A Portland jury sent Mulugeta’s killers, who were part of an organized Northwest white supremacist movement, to prison. A jury also imposed a civil judgment against a California white supremacist for inciting Mulugeta’s killing.

Ethiopian-born Portlander Mulugeta Seraw.

Kenji Bunch was a Southwest Portland high school student when Mulugeta was murdered. “It really stuck with me,” he remembered. “It was really jarring for a kid living in this sheltered suburban life and realizing these issues were present in my hometown.” 

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Claiming culture, marketing emotion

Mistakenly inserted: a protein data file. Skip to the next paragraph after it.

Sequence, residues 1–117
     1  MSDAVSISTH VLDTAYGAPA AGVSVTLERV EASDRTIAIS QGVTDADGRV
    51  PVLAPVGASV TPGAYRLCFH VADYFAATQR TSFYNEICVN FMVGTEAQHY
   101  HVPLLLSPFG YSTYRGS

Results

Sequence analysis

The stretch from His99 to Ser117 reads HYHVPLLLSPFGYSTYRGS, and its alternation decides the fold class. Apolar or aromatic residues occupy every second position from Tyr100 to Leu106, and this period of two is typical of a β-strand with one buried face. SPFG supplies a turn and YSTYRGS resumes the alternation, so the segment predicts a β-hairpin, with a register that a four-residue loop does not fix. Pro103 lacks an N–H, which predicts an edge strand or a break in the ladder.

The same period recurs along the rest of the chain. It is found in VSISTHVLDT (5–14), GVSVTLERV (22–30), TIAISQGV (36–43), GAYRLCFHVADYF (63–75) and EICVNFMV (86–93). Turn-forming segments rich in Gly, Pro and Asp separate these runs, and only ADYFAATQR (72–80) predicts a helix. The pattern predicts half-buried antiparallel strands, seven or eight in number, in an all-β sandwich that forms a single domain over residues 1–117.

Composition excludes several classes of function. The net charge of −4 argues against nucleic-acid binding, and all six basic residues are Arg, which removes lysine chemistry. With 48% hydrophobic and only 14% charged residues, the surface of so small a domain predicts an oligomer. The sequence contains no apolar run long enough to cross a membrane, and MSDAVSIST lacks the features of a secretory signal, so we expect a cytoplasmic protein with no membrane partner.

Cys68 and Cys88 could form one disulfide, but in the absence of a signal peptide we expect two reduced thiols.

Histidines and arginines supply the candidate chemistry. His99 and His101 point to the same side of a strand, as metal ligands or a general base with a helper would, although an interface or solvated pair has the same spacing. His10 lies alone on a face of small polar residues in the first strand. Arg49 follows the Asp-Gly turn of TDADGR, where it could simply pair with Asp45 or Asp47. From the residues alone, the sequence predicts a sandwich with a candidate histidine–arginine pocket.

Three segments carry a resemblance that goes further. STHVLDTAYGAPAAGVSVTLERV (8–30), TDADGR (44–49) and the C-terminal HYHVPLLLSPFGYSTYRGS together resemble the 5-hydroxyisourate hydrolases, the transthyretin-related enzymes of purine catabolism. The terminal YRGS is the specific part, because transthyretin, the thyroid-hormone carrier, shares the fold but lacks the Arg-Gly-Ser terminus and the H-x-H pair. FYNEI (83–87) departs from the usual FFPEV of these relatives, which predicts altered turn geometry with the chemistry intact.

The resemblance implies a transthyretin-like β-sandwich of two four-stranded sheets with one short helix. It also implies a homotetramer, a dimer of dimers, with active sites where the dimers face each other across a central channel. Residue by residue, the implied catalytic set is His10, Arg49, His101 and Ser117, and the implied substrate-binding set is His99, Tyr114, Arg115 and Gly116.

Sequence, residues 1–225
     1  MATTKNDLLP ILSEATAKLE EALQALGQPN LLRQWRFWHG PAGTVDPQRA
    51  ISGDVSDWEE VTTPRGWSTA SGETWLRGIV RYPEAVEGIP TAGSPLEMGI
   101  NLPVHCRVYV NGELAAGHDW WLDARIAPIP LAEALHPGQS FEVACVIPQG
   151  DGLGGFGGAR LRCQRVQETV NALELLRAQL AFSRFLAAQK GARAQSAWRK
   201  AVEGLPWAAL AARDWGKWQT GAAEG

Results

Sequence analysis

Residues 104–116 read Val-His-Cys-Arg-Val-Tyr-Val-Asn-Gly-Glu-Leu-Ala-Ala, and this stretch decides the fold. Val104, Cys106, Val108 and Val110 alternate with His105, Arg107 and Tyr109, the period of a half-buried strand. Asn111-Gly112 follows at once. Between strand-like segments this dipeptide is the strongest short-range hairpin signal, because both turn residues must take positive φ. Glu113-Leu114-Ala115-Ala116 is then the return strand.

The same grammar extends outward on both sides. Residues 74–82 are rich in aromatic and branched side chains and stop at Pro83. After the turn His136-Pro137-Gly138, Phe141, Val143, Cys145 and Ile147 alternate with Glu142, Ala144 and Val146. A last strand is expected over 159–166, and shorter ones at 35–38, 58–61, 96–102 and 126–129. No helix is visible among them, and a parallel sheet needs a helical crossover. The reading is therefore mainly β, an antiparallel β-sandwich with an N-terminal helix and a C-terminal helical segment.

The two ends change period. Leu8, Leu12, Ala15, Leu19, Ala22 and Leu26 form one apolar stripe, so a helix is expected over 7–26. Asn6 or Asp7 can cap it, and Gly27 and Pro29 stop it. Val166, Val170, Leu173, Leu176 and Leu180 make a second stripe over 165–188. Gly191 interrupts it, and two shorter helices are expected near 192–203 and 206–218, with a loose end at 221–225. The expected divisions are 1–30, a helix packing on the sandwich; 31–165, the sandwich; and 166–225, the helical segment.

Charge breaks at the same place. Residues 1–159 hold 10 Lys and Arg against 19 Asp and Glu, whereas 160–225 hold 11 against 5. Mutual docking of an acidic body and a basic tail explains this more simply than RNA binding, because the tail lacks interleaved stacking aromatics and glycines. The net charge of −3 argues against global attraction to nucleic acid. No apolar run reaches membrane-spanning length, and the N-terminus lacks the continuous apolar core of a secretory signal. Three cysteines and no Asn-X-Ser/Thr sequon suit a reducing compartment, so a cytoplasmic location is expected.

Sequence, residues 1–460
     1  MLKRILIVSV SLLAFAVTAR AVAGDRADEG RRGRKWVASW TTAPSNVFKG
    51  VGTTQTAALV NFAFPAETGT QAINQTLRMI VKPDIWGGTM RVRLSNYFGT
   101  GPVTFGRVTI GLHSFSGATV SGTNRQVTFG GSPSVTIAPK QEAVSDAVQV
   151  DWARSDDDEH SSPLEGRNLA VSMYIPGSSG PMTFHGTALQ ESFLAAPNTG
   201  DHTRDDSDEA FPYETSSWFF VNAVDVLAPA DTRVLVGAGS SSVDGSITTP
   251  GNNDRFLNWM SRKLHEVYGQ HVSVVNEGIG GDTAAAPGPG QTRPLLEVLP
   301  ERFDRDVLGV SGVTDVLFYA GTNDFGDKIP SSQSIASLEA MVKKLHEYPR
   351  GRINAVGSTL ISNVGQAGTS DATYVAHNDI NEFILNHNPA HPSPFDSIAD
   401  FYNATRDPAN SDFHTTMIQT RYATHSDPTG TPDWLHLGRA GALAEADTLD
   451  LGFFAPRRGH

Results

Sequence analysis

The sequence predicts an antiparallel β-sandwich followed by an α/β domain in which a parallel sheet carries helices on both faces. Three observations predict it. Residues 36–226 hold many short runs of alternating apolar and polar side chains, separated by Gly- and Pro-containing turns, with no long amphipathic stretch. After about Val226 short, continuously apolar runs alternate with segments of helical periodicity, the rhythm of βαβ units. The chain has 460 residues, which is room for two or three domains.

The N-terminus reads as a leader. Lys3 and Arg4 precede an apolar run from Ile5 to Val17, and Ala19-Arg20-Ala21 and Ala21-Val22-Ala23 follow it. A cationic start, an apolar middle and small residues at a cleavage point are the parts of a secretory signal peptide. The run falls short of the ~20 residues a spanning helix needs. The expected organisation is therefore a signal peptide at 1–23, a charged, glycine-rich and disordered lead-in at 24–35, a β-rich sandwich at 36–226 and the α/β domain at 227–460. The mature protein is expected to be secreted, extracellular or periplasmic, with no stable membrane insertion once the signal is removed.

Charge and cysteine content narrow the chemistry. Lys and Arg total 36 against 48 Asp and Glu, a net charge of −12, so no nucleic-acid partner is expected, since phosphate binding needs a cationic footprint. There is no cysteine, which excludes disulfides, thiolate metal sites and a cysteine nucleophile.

Oregon Mozart Players concert explores new worlds with music by living composers—and raises questions of preparation and appropriated meaning

By DANIEL HEILA

Beall Hall at the University of Oregon School of Music was almost at capacity on October 12th for the Oregon Mozart PlayersNew Worlds concert–the first of three 2019-2020 season concerts featuring contemporary classical compositions. The progressive program and the exciting young guest artists–Eugene’s Delgani String Quartet–promised a compelling listening experience. Two works by American composers under the age of 50 were the program’s highlights: Teen Murti by Reena Esmail and How Wild the Sea by Pulitzer Prize winner Kevin Puts.

Oregon Music Players performed Reena Esmail and Kevin Puts, October 2019 in Eugene's Beall Hall. Photo by Torrin Riley.
Oregon Mozart Players performed Reena Esmail and Kevin Puts, October 2019 in Eugene’s Beall Hall. Photo by Torrin Riley.